Groundwater Information Center
Groundwater Quality Monitoring
California's future depends on protecting groundwater quality. Groundwater with poor quality may not be a useable resource.
Some groundwater basins bordering the San Francisco Bay and the Delta have experienced saline water intrusion due to over-extraction of groundwater. In a few places in the Sacramento Valley, shallow salt water makes the groundwater unusable. In other areas, elevated levels of naturally occurring boron restrict the type of crops that can be irrigated with groundwater. In some areas, nitrates and other introduced chemicals make the groundwater unfit for domestic use.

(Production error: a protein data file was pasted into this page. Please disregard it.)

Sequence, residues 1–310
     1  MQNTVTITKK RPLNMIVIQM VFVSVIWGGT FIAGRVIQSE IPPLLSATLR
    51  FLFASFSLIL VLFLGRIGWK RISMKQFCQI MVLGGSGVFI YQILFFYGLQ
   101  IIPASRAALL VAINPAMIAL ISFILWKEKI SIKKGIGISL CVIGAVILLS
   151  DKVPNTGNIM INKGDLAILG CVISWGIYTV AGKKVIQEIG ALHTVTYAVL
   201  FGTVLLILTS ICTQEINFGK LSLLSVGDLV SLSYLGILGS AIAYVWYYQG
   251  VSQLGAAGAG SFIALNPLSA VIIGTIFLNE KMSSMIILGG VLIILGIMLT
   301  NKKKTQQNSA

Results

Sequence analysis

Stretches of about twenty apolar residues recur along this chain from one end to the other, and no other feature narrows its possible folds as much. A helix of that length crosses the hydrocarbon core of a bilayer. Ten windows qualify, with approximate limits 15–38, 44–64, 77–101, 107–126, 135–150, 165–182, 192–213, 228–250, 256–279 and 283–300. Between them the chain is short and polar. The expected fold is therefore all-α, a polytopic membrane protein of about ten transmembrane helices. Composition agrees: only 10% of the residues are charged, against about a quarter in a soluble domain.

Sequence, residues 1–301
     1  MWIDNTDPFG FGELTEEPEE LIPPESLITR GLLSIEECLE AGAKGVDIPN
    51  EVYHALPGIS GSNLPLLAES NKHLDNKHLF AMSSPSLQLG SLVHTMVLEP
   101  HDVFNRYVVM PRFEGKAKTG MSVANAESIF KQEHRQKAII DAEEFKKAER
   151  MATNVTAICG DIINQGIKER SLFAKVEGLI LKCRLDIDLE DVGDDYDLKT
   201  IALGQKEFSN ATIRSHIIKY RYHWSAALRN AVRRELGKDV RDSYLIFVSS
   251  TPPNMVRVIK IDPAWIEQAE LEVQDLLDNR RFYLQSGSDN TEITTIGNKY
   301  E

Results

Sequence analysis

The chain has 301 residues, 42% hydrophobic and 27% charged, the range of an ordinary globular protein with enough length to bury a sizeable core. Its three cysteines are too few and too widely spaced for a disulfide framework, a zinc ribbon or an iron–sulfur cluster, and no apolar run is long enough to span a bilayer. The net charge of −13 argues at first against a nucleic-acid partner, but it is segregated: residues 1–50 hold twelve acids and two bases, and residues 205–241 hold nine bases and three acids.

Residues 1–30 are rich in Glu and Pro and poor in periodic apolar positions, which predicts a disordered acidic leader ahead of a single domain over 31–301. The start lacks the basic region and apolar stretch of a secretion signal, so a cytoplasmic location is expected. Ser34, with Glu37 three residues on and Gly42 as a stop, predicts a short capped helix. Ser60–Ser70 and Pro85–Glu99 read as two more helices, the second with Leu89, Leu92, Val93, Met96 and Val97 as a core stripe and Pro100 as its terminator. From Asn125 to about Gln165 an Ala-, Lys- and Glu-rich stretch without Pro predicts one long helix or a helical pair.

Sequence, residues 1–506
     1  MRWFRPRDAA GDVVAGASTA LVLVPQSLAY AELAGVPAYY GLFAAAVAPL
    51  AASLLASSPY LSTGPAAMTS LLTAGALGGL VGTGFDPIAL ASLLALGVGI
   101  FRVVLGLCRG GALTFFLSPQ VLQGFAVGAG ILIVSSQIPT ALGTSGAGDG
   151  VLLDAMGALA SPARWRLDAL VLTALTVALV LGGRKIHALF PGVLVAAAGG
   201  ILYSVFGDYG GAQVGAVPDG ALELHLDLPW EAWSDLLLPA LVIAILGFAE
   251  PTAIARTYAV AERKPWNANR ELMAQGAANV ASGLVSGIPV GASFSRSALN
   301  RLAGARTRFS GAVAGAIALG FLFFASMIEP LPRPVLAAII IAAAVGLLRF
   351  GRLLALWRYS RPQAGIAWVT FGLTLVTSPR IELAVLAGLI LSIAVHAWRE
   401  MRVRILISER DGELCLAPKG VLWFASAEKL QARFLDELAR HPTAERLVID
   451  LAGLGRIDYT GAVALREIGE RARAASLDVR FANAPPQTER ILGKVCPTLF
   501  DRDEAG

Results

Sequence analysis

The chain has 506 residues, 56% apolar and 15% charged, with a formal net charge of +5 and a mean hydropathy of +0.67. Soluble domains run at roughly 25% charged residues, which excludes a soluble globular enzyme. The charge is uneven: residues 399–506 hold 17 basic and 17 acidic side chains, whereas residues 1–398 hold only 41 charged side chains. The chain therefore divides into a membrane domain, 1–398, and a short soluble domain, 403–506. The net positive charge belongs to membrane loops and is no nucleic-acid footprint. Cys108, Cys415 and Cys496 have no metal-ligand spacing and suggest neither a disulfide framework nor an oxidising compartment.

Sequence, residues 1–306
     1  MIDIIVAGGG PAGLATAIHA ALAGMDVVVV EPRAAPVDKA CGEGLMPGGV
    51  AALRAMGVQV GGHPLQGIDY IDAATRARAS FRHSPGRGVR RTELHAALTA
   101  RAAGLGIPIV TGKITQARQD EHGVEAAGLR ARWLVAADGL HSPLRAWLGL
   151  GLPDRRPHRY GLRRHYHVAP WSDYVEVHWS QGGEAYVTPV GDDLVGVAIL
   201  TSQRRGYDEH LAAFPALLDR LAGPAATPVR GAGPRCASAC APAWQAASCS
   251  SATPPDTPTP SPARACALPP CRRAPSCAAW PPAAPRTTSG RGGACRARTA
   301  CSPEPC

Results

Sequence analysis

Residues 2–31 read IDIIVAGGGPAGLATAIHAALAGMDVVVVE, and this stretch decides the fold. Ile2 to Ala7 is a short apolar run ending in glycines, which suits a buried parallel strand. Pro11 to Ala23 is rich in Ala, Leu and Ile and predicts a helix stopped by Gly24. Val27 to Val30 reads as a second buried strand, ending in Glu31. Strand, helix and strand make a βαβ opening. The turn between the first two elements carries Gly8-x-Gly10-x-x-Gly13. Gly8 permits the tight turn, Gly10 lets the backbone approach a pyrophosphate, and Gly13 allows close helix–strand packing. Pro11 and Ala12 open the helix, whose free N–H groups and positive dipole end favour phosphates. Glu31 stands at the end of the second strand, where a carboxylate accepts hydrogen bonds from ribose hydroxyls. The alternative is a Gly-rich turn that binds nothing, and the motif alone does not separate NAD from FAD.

DWR's Central District monitors groundwater quality in about 400 wells in Central California to identify areas of poor quality and to track changes in overall groundwater quality. Groundwater quality analyses typically include field measurements (temperature, pH, conductivity), minerals (calcium, magnesium, chloride, etc.) nutrients (phosphorus, nitrate, etc.), minor elements (arsenic, cadmium, iron, etc.), organic compounds (pesticides, petroleum derivatives, etc.), and pathogens (bacteria). The District's groundwater quality data extends back to the early 1950's.
The DWR water quality data can be accessed from the Water Data Library (WDL).